Simone Biles looks up to Aly Raisman – in a variety of ways.
“She might be crazy and we might be total opposites, but she’s still my role model,” Biles tweeted a few days after the P&G Gymnastics Championships, attaching a photo of her and Raisman side-by-side in St. Louis.
The tweet garnered nearly 2,000 favorites and 200 re-tweets. Biles attached a heart emoji to it, naturally.
— Simone Biles (@Simone_Biles) June 29, 2016
Raisman’s comeback in gymnastics has meant more than just chasing an Olympic dream. At 22 years old, she’s defying age and expectations, having been a part of the Fierce Five that won the London Games team event as well as individual gold in the floor exercise and bronze on beam.
Raisman’s return is about challenging herself, doing something she never thought or dreamed that she could – and doing so exceedingly well.
“I can’t really imagine anything else this stressful and challenging,” Raisman said in the midst of the P&G Championships, where she finished second behind Biles. “I’m sure far down the road when I have kids… but it is so stressful at this point. There are only five spots so that makes it hard. The beam is only four inches wide, so any little thing can go wrong.”
Saturday night of nationals, Raisman lined up her first tumbling pass in a floor routine that has ebbed and flowed (and dare I say matured?) since 2012 when she was the best in the world. She hit her one-and-a-half through to Arabian double punch layout, sticking her landing and then something strange happened: She burst into a mid-routine smile.
“Once I get through the first two passes, I feel really confident,” Raisman said later, that smile reemerging onto her face. “Everyday in the gym, we do competition routines. There are some days when I’m really tired. Sometimes it feels like it’s not coming, but he make me do it anyways. It doesn’t matter as long as we keep doing it.”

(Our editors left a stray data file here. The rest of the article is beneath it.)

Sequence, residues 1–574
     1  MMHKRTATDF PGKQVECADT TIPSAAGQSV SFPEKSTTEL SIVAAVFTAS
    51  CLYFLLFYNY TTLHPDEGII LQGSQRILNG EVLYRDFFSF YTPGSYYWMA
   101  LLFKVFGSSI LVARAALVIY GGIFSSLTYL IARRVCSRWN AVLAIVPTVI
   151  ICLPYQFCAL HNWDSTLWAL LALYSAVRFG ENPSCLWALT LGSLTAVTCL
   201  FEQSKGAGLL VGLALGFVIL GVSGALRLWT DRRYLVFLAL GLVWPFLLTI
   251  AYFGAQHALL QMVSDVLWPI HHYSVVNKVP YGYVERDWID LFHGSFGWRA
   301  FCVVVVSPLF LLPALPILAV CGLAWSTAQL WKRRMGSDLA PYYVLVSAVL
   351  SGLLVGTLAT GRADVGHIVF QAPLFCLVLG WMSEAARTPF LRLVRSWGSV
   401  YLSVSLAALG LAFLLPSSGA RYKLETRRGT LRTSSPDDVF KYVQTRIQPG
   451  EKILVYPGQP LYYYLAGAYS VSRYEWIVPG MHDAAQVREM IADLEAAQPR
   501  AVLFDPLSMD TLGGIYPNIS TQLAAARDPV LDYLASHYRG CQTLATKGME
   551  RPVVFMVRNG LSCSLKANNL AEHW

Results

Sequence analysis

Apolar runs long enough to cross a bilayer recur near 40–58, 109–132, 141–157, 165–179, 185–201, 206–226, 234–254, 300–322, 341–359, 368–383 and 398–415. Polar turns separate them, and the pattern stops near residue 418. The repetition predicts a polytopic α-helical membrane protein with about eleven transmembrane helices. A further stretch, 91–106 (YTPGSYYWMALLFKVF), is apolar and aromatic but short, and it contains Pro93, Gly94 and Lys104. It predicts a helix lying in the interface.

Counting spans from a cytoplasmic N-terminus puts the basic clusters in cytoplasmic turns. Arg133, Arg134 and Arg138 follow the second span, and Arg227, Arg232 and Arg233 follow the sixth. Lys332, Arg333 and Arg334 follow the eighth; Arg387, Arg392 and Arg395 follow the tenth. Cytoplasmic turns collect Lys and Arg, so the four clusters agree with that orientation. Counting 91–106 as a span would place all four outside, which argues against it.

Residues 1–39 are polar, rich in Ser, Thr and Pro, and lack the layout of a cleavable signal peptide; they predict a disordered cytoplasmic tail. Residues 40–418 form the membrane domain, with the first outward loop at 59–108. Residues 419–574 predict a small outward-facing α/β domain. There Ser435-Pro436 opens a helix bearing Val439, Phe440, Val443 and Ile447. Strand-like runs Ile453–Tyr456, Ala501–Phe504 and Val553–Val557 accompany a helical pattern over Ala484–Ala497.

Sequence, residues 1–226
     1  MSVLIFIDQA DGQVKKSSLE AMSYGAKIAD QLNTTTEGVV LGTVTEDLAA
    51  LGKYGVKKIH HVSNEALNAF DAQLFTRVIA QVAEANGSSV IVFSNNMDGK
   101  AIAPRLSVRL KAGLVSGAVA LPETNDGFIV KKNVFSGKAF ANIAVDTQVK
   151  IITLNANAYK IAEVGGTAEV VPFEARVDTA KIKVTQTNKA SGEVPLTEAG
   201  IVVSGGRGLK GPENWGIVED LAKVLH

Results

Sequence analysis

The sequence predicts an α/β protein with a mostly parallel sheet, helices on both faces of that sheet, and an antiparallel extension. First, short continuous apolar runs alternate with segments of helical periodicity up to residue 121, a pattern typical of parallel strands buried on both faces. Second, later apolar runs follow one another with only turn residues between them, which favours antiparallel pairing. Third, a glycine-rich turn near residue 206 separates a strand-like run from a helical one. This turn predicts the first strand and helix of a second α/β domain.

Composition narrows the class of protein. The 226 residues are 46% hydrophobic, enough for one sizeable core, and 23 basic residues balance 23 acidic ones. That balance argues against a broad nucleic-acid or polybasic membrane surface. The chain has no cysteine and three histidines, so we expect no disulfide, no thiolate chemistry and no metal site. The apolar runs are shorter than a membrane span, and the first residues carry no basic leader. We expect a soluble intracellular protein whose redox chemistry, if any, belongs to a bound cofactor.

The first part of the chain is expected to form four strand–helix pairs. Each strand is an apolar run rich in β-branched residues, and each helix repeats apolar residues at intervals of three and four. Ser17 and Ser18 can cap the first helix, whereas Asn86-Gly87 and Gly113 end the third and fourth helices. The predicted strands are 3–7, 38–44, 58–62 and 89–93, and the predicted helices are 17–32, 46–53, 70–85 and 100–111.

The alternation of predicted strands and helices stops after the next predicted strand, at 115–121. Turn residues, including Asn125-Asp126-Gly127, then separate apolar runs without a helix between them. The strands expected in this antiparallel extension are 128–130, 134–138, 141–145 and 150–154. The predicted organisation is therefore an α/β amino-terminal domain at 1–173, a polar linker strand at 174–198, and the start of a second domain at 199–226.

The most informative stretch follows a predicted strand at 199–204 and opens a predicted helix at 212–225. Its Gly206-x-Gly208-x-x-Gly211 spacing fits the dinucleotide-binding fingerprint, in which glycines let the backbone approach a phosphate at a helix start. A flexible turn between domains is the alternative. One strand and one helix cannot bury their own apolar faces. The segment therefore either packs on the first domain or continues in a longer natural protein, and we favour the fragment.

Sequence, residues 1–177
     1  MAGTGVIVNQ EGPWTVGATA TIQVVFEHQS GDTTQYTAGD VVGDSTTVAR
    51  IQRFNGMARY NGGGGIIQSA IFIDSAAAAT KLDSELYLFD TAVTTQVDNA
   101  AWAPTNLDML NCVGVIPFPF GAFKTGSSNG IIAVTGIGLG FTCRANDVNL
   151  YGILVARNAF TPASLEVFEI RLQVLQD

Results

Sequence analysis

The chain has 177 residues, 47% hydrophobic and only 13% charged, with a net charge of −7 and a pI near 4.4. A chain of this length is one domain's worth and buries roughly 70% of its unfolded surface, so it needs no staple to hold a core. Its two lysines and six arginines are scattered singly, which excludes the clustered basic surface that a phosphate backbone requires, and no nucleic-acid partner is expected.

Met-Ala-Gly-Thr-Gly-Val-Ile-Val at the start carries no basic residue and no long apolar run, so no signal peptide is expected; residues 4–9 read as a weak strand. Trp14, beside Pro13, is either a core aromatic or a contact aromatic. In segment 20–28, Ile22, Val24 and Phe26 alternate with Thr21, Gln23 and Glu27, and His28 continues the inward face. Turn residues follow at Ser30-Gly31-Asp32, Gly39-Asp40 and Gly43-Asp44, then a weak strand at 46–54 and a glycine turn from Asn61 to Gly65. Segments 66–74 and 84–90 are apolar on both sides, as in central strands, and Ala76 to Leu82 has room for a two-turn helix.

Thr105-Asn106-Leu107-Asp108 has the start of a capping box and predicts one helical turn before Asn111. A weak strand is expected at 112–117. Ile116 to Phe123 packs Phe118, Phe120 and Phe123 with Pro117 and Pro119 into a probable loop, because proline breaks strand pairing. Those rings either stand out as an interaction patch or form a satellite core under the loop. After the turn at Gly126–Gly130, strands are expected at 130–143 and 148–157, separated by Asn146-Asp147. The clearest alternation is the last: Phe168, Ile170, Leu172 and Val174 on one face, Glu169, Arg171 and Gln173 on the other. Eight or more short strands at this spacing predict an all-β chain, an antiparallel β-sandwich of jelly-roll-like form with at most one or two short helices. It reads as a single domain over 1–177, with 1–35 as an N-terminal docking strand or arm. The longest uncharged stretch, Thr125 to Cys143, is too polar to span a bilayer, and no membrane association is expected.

“As long as we keep doing it.” It’s an utterance that Raisman meant for her training, but can apply to her life. Mihai Brestyan, her coach, has pushed her as hard as anyone, offering a sort of regimented training that has not only brought her back to that level of 2012, but perhaps even past it. The journey has been a challenge at times.
There were moments that Raisman, so exhausted from her training at the gym, would have to call her dad to pick her up, Aly shaking from the pain. She worried she might be pushing herself too hard, especially at the “old” gymnastics age of 22.
“When I first came back, Mihai said to ignore the stuff about my age,” Raisman said.
But now she’s embraced that age, and her role. She is a quiet leader for the U.S. women, speaking to the group of competitors before they walked out for both nights of competition in St. Louis, sharing with them that she – Aly Raisman – was scared, too, and that they would all get through this together. “Mama Aly” is her nickname.
“Before the meet, I go to the girls and tell them how nervous I am,” she said. “I tell them to take competitions like this as if we’re on a national team assignment and we’re in a team competition atmosphere. We all want to make that Olympic team, but if we’re all rooting for each other, it makes it better. It’s brutal going one at a time here.”
While Biles is smiled and relaxed to bring out her best, Raisman is stone-faced and focused. It’s different, but it’s what works for each of the girls, and they feed off one another. Follow their eyes during St. Louis and at times they lock in assuring glances: “We can do this together.”
Four years after she was a breakout star, Raisman is allowing herself to enjoy the journey – her journey – that she has created for herself. Yes, it’s a lot of work, but it’s a lot of enjoyment, too. She is living her dream out – again.
“For me now, I’m trying to think about that there’s two months left and I just want to enjoy it,” she said. “I think we’re all doing a good job of trying to help each other survive this. We’re just trying to use each other to keep one another calm.”
The bond with Biles – and the rest of the U.S. team – is something Raisman has forged in the last four years as she’s found herself a part of a new generation of American gymnastics.
She and Simone never hesitate to push each other, even when they’re in the same group.
“We always tell each other to ‘Break the beam,’ so we go up there and be really aggressive, and that works for us,” Raisman said. “I was really happy that I got put in the same group as her; she doesn’t seem to get nervous on the outside.”
Biles leaves the worrying to “Mama Aly,” of course.